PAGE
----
At the souffle pancake restaurants in Japan, they use multiple electric griddles with a lid to make pancakes. The staff would usually tell you the souffle pancakes will take at least 20 minutes to make.
These souffle pancakes definitely require extra time and effort, but I promise after that first bite, you will know it was all worth it. Give this unforgettable souffle pancake recipe a try on the next special occasion!
I also have a Matcha Souffle Pancake recipe that I think you’ll going to love! The brilliant green hue and extra flavor boost from matcha make the pancakes even more irresistible.
Fluffy Japanese Souffle Pancakes
- 2 large eggs (50 g each w/o shell)
- 1 ½ Tbsp whole milk
- ¼ tsp pure vanilla extract
- ¼ cup cake flour (If you're using a cup measurement, please follow this method to measure. Otherwise, the amount of flour tends to be more than you need. You can make your Homemade Cake Flour.)
- ½ tsp baking powder
- 2 Tbsp sugar
- 1 Tbsp neutral-flavored oil (vegetable, rice bran, canola, etc) (for greasing the pan)
- 2 Tbsp water (for steaming)
Fresh Whipped Cream (optional)
- ½ cup heavy (whipping) cream
- 1 ½ Tbsp sugar (not so sweet, you can add more if you like)
- 1 Tbsp confectioners’ sugar/powdered sugar
- fresh berries (strawberries, blueberries, etc)
- maple syrup
- Gather all the ingredients.You will also need a 12-inch non-stick frying pan (large enough to cook 3 pancakes at the same time) with a lid.
- Separate egg whites and egg yolks into two different bowls. Put the bowl with egg whites in the freezer for 15 minutes. Why do we freeze egg whites? Please read 3 Tips to Make Perfect Meringue (Egg Whites) in this post.
- In the meantime, add milk and vanilla to the egg yolks and whisk until thick and frothy.
- Sift the cake flour and baking powder into the bowl.
- Whisk to combine thoroughly (but do not over-mix) and set aside.
- After 15 minutes, take out the bowl with egg whites from the freezer. The egg whites should be half frozen. Now start beating egg whites.
- When the egg whites turn frothy and pale white, gradually add in sugar (roughly ⅓ at a time). Continue to whip the egg whites.
- The egg whites will become glossier and firmer. Stop beating when you lift up the hand mixer and the egg whites stand right up with stiff peaks slightly bending over.
- Heat the large non-stick frying pan to 300ºF (150ºC) over the lowest heat. Brush with cooking oil and lightly remove any visible oil (otherwise the pancakes will have a spotty pattern). Keep the heat on while you combine egg whites and egg yolk mixture.
- Take ⅓ of egg whites and add to the egg yolk mixture. Whisk together (don’t worry too much about breaking air bubbles at this step).
- Next, take half of the egg whites and add to the egg yolk mixture. Using a whisk, gently fold in without breaking the air bubbles in the egg whites. Why do we use a whisk instead of a silicone spatula? Please read 3 Tips to Make Perfect Meringue (Egg Whites) in this post.
- Now transfer the egg yolk mixture into egg whites. Carefully fold in two mixtures together without breaking the air bubbles. Make sure to gently mix the batter thoroughly!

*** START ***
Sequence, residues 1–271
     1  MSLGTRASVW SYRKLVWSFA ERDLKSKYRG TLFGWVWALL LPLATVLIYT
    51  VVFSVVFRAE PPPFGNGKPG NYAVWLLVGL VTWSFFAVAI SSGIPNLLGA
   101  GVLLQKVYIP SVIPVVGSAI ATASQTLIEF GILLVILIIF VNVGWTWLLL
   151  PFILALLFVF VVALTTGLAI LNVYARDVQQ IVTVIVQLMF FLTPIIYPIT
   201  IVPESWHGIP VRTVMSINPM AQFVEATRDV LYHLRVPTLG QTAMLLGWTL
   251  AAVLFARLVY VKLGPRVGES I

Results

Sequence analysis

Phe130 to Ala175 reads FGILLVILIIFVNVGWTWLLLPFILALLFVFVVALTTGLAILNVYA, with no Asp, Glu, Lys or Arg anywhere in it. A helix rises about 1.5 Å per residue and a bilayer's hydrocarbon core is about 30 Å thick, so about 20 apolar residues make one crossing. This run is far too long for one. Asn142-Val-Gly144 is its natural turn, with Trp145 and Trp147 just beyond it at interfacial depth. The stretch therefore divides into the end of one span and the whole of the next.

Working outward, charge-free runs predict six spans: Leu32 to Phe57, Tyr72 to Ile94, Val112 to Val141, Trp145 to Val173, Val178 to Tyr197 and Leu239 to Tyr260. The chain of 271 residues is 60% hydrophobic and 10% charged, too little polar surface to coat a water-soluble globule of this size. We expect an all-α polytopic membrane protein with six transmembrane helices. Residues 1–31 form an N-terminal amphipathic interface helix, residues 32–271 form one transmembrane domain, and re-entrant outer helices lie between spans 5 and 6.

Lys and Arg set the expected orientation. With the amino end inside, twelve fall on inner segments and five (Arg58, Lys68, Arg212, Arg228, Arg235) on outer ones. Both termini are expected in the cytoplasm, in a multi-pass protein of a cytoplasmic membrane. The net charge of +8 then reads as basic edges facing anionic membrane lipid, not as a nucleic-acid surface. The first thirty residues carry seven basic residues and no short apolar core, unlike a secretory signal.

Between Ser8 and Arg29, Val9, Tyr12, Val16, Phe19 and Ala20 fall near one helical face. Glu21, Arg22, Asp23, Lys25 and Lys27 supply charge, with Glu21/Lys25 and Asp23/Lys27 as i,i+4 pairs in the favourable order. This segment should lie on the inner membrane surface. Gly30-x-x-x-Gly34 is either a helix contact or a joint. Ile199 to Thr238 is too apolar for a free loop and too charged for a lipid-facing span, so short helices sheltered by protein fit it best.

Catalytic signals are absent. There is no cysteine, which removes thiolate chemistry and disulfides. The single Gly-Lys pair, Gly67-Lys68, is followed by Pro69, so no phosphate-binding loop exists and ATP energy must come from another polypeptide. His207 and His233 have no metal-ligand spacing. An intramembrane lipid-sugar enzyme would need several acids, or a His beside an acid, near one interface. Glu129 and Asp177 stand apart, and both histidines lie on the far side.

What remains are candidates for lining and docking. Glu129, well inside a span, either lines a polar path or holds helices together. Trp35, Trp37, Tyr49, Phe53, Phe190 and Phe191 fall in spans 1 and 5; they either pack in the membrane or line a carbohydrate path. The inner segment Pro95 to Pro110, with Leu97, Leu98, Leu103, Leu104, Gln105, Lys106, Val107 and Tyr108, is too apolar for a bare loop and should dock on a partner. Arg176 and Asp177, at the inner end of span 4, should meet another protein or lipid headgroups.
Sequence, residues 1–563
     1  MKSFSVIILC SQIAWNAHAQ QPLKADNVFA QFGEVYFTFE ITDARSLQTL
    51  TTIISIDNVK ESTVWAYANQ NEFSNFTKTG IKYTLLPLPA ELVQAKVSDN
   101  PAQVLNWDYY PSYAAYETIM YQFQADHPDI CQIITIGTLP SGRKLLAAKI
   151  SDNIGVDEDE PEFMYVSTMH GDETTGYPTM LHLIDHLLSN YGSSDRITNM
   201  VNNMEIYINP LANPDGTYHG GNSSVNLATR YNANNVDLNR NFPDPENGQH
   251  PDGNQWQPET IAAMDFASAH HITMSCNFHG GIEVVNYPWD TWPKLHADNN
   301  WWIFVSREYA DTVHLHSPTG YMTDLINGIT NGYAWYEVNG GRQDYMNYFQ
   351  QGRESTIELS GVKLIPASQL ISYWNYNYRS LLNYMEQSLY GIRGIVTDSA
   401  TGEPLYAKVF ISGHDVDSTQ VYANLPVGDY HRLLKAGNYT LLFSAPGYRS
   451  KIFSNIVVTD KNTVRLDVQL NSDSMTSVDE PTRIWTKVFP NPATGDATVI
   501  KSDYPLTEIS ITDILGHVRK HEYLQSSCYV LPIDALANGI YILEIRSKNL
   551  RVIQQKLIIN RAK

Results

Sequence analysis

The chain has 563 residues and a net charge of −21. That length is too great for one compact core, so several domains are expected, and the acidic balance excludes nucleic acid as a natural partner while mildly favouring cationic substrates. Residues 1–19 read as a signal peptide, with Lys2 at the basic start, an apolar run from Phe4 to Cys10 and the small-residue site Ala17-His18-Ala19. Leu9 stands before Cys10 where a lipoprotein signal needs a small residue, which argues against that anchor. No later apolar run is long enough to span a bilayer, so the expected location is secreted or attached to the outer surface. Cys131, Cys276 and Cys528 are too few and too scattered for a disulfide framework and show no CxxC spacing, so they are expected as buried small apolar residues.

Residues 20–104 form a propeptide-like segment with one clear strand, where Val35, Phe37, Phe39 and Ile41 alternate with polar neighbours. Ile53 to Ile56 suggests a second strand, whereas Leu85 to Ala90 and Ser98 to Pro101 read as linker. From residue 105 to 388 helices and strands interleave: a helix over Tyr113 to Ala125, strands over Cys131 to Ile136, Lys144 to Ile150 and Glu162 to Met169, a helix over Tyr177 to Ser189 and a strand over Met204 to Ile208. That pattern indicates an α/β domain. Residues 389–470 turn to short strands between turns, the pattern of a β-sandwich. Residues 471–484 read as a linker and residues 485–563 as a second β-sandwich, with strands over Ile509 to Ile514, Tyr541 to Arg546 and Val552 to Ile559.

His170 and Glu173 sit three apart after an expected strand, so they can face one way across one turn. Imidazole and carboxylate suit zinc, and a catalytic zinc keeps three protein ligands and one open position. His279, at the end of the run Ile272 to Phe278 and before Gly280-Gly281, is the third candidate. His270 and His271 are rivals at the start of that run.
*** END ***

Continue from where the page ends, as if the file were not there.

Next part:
- For my stove and frying pan, I kept 300 ºF (150 ºC) all times on low heat. Remember each pancake gets roughly 4 scoops of batter, so that’s a total of 12 scoops for 3 pancakes. Now, scoop the batter and place on the frying pan. My recommendation is to use a small ladle (or a serving spoon that’s bigger than a regular spoon - probably 2-3 Tbsp) and make a tall pancake. Next, stack one more scoop to the first pancake. Then move on to the next two pancakes giving each 2 small scoops.
- By the time all 3 pancakes have 2 scoops, the surface of the batter is slightly dry already, so you can stack one more scoop on top, keeping it up high. In the bowl, you should still have roughly 3 scoops left (if you have slightly more, that’s okay).
- Set timer for 6-7 minutes, add 1 Tbsp water in 3 empty spaces inside the pan and cover with the lid. Water keeps the pancake moist. Please note: the suggested time is just a guideline and it’s based on the stove and frying pan that I'm using.
- After 2 minutes passed, open the lid, and add one more scoop for each pancake (or more scoops if you have more batter). Make sure to stack high, not wide. If the water has evaporated, add a little bit more. Cover with lid and cook.
- After 6-7 minutes passed, using the offset spatula, lift the pancake VERY GENTLY. If you feel the pancake is stuck, don’t touch until they firm up a little. If you force it, the pancake will crack in the middle. When the pancake is ready, you can easily move the pancake.
- Here is another set of images to show the process. Slightly pull the pancake to create an empty space and gently flip over with “rolling over” motion.
- Add water in empty spaces and set a timer for 4 to 5 minutes to cook the other side on the lowest heat.
- Once they are nicely browned, transfer the pancakes to your serving plates.
- Place fresh cream on the pancakes and top with berries. Dust the pancake with confectioners’ sugar and drizzle with maple syrup. Enjoy!
Fresh Whipped Cream
- Prepare an ice bath by putting ice cubes and water in a large bowl and placing a clean and dry mixing bowl over. Add heavy cream and sugar to keep cool.
- Whisk on high speed until medium to firm peaks form (should not be runny, but soft and fluffy firm whipped cream). Keep it chilled until you're ready to serve the pancakes.
- Souffle pancakes can be tricky to make (probably not easy for a beginner cook), so make sure to read my tips in the post thoroughly before you start cooking.
- Beat your egg whites correctly. Under or overbeating will cause the pancakes to deflate after cooking.
- Cook over low heat, and make sure the inside of the pancakes are properly cooked through. If inside the pancakes are not cooked through, there is no structure inside and they will collapse as soon as temperature drops.